The Gateway Pundit previously reported that 88-year-old Paul Landis gave an exclusive interview with The New York Times where he shared he shared his revelations regarding what happened November 22, 1963, in Dallas — the day JFK was assassinated by Lee Harvey Oswald. Landis that year was a Secret Service agent assigned to First Lady Jackie Kennedy’s protective detail.
Landis’s revelations regarding what happened 60 years ago lay waste to the narrative advanced by the Warren Commission that one of the bullets fired at the president’s limousine struck not only Kennedy in the back but also Texas Governor John B. Connally Jr. in the back, chest, wrist, and thigh. Connally was riding next to Kennedy at the time. This is often referred to as the “magic bullet theory.”
Landis also revealed he was the one who retrieved the bullet from the limo and placed it on the president’s hospital stretcher to preserve as evidence. According to the former agent, there was nothing “magical” about the bullet. He says that the bullet struck Kennedy in the back but was “undercharged” and popped back out before the President’s body was removed from the limo. It never touched Connally.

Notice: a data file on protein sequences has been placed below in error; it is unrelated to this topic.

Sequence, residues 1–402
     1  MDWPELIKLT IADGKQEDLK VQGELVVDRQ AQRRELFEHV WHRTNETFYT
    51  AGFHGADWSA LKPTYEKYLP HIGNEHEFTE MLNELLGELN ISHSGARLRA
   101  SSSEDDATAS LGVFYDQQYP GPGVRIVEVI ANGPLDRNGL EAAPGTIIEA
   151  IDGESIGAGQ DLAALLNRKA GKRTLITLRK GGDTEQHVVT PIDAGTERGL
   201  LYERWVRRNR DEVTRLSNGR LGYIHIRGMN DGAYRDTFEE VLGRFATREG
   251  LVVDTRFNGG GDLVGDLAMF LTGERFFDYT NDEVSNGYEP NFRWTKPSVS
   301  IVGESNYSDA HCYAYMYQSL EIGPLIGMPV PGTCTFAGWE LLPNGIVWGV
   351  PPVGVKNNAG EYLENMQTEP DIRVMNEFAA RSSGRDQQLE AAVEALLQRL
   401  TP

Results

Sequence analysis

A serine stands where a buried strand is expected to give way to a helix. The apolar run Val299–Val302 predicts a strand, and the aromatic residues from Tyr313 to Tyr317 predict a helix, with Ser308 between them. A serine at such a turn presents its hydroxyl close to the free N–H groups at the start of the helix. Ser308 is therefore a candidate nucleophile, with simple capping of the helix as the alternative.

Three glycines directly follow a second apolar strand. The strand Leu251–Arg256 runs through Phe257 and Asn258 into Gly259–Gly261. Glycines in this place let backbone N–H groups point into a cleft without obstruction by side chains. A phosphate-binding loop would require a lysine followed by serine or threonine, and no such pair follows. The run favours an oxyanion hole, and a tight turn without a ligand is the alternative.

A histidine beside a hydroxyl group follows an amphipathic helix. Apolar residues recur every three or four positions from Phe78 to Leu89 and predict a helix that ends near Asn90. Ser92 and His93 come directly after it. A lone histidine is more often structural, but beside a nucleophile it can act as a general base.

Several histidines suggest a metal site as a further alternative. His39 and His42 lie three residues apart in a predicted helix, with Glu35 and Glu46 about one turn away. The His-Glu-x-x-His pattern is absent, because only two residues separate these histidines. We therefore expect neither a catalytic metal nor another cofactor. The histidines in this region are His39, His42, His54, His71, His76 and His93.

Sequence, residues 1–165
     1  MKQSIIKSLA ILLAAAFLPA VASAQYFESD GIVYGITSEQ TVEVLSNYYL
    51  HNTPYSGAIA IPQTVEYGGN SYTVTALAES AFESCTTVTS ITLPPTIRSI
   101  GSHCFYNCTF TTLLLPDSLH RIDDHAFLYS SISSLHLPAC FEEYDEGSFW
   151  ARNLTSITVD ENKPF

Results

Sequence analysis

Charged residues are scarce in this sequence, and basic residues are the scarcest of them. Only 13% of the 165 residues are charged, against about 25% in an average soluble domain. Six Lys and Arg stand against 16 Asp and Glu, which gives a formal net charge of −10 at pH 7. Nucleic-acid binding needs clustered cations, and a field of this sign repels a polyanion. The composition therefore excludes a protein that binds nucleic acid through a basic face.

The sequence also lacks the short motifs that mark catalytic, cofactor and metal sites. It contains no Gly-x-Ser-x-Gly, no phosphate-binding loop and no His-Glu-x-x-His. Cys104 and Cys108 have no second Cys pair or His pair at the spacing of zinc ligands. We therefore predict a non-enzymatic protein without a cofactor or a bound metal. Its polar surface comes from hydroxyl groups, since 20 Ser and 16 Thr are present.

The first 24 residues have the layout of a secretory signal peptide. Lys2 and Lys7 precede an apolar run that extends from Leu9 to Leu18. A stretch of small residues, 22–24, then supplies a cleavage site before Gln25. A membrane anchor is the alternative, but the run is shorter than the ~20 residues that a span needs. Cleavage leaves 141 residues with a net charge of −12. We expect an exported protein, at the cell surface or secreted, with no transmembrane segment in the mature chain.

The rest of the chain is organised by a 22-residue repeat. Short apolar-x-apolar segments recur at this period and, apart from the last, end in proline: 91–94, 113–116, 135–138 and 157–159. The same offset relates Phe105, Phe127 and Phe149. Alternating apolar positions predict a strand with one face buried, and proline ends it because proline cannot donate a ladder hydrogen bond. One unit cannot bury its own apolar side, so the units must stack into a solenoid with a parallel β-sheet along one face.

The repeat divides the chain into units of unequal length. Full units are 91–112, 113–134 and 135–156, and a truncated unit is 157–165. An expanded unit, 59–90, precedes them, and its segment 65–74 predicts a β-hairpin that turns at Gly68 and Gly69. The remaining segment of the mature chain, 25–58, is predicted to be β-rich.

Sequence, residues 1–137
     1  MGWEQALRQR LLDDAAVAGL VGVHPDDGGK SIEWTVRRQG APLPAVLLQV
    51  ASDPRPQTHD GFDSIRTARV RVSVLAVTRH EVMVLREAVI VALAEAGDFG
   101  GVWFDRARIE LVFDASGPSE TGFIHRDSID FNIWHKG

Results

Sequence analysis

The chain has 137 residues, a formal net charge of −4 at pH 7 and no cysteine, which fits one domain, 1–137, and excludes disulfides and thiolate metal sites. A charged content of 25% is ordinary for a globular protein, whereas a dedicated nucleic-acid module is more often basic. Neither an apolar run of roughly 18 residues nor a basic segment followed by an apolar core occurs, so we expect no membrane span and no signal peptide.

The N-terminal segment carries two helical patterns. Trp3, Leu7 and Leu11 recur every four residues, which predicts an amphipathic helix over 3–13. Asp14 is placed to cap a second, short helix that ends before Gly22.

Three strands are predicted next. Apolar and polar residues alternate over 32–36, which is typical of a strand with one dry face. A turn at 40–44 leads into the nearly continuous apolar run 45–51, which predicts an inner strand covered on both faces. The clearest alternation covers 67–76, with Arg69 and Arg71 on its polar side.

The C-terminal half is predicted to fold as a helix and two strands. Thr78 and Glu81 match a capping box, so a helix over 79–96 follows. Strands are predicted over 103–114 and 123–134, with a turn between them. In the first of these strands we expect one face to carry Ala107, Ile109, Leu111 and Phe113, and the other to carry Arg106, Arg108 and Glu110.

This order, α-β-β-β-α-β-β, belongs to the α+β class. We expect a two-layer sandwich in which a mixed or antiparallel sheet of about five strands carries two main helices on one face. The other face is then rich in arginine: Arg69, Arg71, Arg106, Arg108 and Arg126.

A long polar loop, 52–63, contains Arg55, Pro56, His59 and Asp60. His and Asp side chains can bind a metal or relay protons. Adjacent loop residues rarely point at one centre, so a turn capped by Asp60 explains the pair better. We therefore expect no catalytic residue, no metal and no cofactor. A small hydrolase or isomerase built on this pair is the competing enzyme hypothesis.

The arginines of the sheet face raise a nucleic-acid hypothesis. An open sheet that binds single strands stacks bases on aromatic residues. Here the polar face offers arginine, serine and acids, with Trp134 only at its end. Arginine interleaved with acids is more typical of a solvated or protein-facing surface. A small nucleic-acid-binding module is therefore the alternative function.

Now, The Daily Mail has uncovered the testimony of Phyllis J. Hall, who was present in the emergency room after JFK was fatally shot. She gave two separate interviews to British papers back in 2013 which back up Landis’s bombshell revelation.
The first interview she gave was to the Telegraph where she confirmed the presence of a bullet between the JFK’s earlobe and shoulder on the stretcher.
On the cart, halfway between the earlobe and the shoulder, there was a bullet laying almost perpendicular there, but I have not seen a picture of that bullet ever.
WATCH (she talks about the bullet at the 2:10 mark):
She then reiterated her revelation to the Sunday Mirror and added there was no damage to the bullet, something she had never seen before. The bullet was later taken away and never entered into evidence.
I could see a bullet lodged between his ear and his shoulder. It was pointed at its tip and showed no signs of damage. I remember looking at it – there was no blunting of the bullet or scarring around the shell from where it had been fired.
I’d had a great deal of experience working with gunshot wounds but I had never seen anything like this before.
It was about one-and-a-half inches long – nothing like the bullets that were later produced.
It was taken away but never have I seen it presented in evidence or heard what happened to it. It remains a mystery.